I thought I was pretty well versed in Japanese traditions, but this place is probably more traditional than most. Now that I'm starting to feel more comfortable in this little world, I think the traditional ways are are a unique experience in itself, as the bonsai world is probably one of the few areas where old traditions and values are still alive, Sumo being another such sphere.
Whatever I did know has certainly been of great help, my new friend and the next most recent apprentice, Marcelo from Bolivia has had a hard time learning the ways and fitting in, and probably won't be staying for as long as he had hoped.

If you made it all the way down here, you're probably wondering how I found time to write such a momentous piece of a blog post. The answer is that I've spent the last four hours waiting for my turn to hand in my visa application at the immigration office. Only three numbers left...

Thursday, May 02, 2013

Apprenticing at Shunkaen - Day 1

I was expected, so they walked me with my luggage straight to my room, the old kitchen that they no longer use. Then the crew from a local paper seized the opportunity to interview me shortly, and then it was time to get to work. I de-leaved a plum, de-flowered an azalea, and then I got to thin and trim a japanese black pine, which took me most of the day and all evening.

It all felt surprisingly unceremonious. You walk through the door and pof! - you're part of the team. We have still to discuss the practical issues, especially of the monetary kind. I'm also not yet sure if I'll be able to get a visa for the period I'm hoping for, until October. I'd like to stay until next spring, especially with all the exhibitions during the winter, but my plants at home would face fairly certain death if I don't return.

Apparently, 10 pm is when all the magic happens. I felt pretty much finished with my work on the black pine when 'Oyakata', our master Mr. Kunio Kobayashi came into the studio to inspect. "hm, yeah looks good enough" he said, turned the tree almost 90 degrees to it's side, pulled out the BIG branch-cutter and tore away, cutting off perhaps two thirds of the foliage in big chunks. It's safe to say I was a bit surprised. Or to put it this way, I had been working on a millimeter scale for hours, pondering which bud to cut, while he chopped away at a decimeter scale, transforming the tree in about 15 minutes. He said he also changed the tree from a common and unsurprising piece to something much more interesting, expecting a four-fold increase in it's value. He never said so, but it was fairly clear that instead of chopping it down right away, I was given the chance to practice some thinning first. Pretty cool for a first day.

And now that I have found a spot with some wi-fi, I feel pretty well settled in.

Wednesday, February 20, 2013

Winter - exhibition season

Some time after my previous post I was tempted to think "Hey, stuff is going dormant, not much to write about" but I couldn't be farther from the truth - now is when it all happens! It's time for bonsai exhibitions. Why now? Well mostly because deciduous trees have shed their leaves so that it's possible to see the structure of branches, a way of assessing quality. I have to think that another reason is the lack of other pressing bonsai chores during autumn and winter, an exhibition in late spring or summer would probably be a lot more disruptive, especially for the professionals.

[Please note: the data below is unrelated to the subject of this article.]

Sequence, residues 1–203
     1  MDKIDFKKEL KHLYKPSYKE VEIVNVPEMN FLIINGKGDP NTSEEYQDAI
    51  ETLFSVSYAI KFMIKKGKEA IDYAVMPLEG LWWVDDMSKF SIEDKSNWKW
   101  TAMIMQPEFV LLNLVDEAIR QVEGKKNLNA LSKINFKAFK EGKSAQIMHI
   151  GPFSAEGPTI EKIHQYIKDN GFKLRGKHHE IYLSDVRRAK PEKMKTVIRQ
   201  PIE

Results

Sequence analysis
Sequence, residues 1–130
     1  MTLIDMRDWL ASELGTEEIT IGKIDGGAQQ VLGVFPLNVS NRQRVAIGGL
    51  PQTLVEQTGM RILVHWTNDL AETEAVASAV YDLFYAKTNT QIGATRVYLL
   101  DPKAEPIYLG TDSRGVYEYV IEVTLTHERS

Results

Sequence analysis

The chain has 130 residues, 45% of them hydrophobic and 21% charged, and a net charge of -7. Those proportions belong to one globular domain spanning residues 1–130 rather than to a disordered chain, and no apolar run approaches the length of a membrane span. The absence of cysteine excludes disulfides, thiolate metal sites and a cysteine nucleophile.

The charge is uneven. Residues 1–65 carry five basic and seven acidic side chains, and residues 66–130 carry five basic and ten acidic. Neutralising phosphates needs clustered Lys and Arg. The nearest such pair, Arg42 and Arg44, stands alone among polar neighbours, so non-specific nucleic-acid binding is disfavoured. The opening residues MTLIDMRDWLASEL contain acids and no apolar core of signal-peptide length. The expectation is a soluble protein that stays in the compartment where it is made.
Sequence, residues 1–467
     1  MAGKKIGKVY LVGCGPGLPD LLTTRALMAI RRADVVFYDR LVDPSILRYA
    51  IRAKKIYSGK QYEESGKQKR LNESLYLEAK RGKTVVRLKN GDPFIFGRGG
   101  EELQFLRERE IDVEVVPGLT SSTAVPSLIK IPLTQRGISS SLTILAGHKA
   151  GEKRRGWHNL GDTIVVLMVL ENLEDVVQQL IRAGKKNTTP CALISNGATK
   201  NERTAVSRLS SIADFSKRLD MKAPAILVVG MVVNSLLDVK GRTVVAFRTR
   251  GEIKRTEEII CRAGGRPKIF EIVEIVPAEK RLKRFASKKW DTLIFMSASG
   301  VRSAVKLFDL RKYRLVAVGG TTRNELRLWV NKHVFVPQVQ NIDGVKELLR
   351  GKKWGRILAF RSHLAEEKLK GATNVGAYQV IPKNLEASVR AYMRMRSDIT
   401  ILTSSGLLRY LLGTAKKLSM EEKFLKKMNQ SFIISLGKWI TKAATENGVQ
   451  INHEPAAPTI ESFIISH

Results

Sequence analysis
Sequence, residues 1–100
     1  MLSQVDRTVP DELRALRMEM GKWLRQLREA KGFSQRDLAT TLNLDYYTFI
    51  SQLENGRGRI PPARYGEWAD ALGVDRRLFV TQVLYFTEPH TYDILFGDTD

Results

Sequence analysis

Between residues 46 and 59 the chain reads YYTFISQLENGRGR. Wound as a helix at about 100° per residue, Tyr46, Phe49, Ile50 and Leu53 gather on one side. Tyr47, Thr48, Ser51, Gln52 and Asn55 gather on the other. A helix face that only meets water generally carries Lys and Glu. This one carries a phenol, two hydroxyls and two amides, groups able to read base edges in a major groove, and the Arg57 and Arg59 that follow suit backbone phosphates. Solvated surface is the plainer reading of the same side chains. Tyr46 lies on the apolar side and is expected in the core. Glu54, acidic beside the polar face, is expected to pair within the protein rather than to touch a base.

First out was Koju-ten on October 19th-21st. I've been pondering a blog-post about this local club-exhibition for four months! The Bonsai nursery just south of Kyoto station, Koju-en, organizes a shohin-bonsai exhibition every year. Instead of hosting it in some anonymous convention-centre, they cooperate with a temple, Zuishin-in in south-eastern Kyoto. It's a great environment, very relaxing and good for photos, if a bit dark at times. With many of the sliding doors removed, you are ever on the border between the garden outside, and bonsai inside. Gone are the crowds pushing you on from behind or brushing past you when you take a minute to observe. Here you get to kneel on a tatami mat before a tree on a low table, daylight reflected from behind and observe all you want. You won't find an exhibition with quite the feeling of authenticity as this. The summer heat has passed, but the winter chills have yet to come.
Fond memories indeed, especially as my room has kept a constant 13 degrees C (55 F) for the past three days, Indoors!
 Pictures (of the exhibition) are up at Flickr.

Next was the 32nd Taikan-ten, on the 23rd to 26th of November in Kyoto. This is the second largest exhibition in Japan, next after Kokufu-ten. For Kokufu-ten there is a jury which decides on the trees that are exhibited; from what I understand, there is no such jury for Taikan-ten. You pay - You get. I don't know how they manage to keep the number of trees approximately equal from year to year but the systems appear to be different between the shows. Taikan-ten is considered more eclectic, both in terms of quality but also in the variety of species. Of the four exhibitions I've been to, this is my favorite.
In Kyoto the weather is still pretty mild around this time in November, the autumn colour of maples were mostly at their peak except at higher altitudes. This means that there's a good chance of seeing a few trees in leaf, and lots of fruit such as Japanese persimmon and Chinese quince. I did spot a few fruits at Gafu-ten in January but at that point, the time for picking had both come and gone.
Another thing I like about this show is the good atmosphere around the sales area which is pretty much a continuation of the exhibition-space. There's food and tea available, and some open tables for just hanging out and waiting for your friends. Pictures available here.

I got both pictures and a video from Gafu-ten - Kyoto's big shohin-exhibition.
From Kokufu-ten, some pictures and video as well. More on those two, and perhaps on the upcoming Shunga-ten in Osaka, in another post.